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On the CAPS Conference and the Importance of Professional Development

Friday, April 19, 2019

Happy Easter and Passover!

Last Friday, we hosted the biannual CAPS (Capital Area Progressive Schools) conference. This was the second time in the past decade we’ve hosted the conference for our regional peer capital area progressive schools. Over 300 educators converged on our campus to participate in nearly 45 workshops, roundtable and panel discussions! This year’s theme was Responsive Practices: Diversity, Equity and Differentiation, and topics ranged from Multicultural Mathematics: Making Sure All Aspects of Culture Count (Lee Bissett, Burgundy math teacher and specialist), Discussions on the Role of Homework in the Middle School (roundtable facilitated by our own MS Head Jared Givarz), Differentiation and Diversity in the LS Classroom to Authentic Representations of Diversity in Children’s Literature (Kimberly Mott, Coopers’ teacher), White Women Who Teach Black Boys (report from a yearlong study at Lowell School) to Indian Kathputli Puppetry to A Discussion of Affinity Groups.

It was a remarkable and satisfying day, as evidenced by some of the comments below from our faculty and staff:

“It [was] engaging and thought-provoking, a wonderful opportunity to share ideas and be inspired by the work of our area colleagues.” - Ali, Caretaker and permanent sub

“I really appreciate doing this, learn a lot every time... We should do it more often!” - Paige, MS Humanities

“I really enjoyed presenting to an appreciative audience! I got to write the score, star in and direct my own tiny little Broadway show!” - Tracy, WonderLab​ 

“We attended the ‘Yes, You Can! Bringing Identity, Activism, and Social Justice to JK-2’ session. It inspired a conversation among colleagues about the potential to develop over time an essential question [eg, about social justice] at a young age, and to build upon the previous year’s work, adding depth of understanding and cohesiveness to our program.” - Kate, Kindergarten; Nicole, Kindergarten; and Andrea, First Grade

“The CAPS conference is a really rare opportunity to talk about things that are actually working in their classrooms...when you’re talking to a teacher who has developed something that they care about and put a lot of thought into, their excitement and passion are contagious.” - Doug, MS Math and Science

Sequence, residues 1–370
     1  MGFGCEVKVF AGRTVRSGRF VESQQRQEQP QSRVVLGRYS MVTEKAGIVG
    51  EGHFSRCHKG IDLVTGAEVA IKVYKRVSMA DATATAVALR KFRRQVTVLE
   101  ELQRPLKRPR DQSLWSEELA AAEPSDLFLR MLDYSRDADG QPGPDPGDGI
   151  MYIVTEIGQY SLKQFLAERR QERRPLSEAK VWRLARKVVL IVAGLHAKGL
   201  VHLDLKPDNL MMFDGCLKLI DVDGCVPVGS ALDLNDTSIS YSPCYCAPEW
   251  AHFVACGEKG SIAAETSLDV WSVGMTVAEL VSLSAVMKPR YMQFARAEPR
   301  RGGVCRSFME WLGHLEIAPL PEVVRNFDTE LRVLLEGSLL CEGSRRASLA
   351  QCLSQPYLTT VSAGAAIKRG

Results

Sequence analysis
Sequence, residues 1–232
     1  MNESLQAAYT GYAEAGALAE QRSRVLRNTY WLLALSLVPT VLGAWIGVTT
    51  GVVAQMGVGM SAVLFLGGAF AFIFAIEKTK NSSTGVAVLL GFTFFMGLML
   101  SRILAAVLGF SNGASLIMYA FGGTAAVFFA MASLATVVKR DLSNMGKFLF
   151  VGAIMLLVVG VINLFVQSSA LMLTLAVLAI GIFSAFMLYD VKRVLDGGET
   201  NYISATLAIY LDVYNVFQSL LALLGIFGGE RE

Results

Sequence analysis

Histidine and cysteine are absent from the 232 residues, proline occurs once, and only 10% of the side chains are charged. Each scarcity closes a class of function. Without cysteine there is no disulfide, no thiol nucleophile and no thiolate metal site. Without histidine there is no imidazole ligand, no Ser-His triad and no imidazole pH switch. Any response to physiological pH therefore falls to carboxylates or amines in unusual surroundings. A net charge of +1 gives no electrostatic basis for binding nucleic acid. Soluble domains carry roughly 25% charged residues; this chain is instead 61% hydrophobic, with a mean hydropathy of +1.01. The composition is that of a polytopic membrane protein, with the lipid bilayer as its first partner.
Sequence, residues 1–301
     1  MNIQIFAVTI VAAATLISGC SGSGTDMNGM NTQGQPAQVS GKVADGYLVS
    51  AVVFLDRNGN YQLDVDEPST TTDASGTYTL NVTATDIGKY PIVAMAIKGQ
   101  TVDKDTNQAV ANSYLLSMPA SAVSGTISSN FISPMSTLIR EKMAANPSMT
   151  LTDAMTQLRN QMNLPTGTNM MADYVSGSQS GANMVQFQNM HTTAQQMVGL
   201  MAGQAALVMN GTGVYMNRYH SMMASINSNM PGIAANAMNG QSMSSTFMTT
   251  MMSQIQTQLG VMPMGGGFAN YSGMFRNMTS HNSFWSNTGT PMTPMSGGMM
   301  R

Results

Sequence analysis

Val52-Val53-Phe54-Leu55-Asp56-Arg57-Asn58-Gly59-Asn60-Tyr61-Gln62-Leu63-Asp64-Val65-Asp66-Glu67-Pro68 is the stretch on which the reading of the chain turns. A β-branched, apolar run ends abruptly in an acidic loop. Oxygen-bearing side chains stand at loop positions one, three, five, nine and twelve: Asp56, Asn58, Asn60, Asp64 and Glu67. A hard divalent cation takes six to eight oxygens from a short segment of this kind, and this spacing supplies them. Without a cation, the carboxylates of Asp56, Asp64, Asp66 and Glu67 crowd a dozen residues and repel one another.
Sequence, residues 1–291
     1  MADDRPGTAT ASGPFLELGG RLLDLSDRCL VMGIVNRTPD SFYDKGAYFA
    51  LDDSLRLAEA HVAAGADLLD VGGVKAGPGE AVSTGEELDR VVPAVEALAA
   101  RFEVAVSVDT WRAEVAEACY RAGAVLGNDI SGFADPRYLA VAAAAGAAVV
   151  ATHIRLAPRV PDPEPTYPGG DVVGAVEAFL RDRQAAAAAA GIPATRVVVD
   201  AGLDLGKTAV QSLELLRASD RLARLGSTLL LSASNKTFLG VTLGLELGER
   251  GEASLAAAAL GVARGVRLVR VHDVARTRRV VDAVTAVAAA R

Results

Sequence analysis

Developing and nurturing a culture of learning, reflection, and personal and professional growth among teachers are essential to a having an excellent school with the best program and teaching. Regularly scheduled and purposefully utilized time with our teammates in our school is not easy to create but it must be given priority. And so must the opportunity to learn from peer educators teaching in other schools. Similarly, the chance to present to an audience of peers from our own and like-minded schools is really powerful, and we’re proud that 26 of our teachers and staff presented at this year’s CAPS conference. We come to understand (and hone) our craft even better in sharing it with others. Several of our faculty presenters are planning to share their presentations at national conferences next year!

The CAPS conference was planned by the CAPS steering committee, which is made up of members from each CAPS school. Assistant Head Elizabeth Lener led the onsite conference planning with support from our own CAPS committee members administrative staff Cathy Guertin and Kathleen Hennessey, Kimberly Mott (4/5 Redtails), Mary Akeley (4/5 Coopers), and Joseph Edwards (Middle School Humanities). Our tech and maintenance teams, along with our entire team, most of whom had a volunteer role, also played big roles in making the day successful.

How useful is a day like this? Incalculably. There is nothing like learning from peers. An oft-heard comment has been “Wish we could have more!” And I think we look at that comment as an invitation and challenge. Over the years we have carved out about the equivalent of three professional days across the school year for teacher-staff learning and training, with more days in June after school ends and just before school begins again in September. But many schools do more — a half day of professional development every or every other Friday, for instance, is not uncommon. We’ll continue to examine the question of how we can provide adequate professional development time. Meantime, we have added a day for PD in June, and we know that day will be put to excellent use, particularly as we begin next school year to prepare for our five-year VAIS accreditation.

To see all of Joseph’s CAPS Conference photos, click here.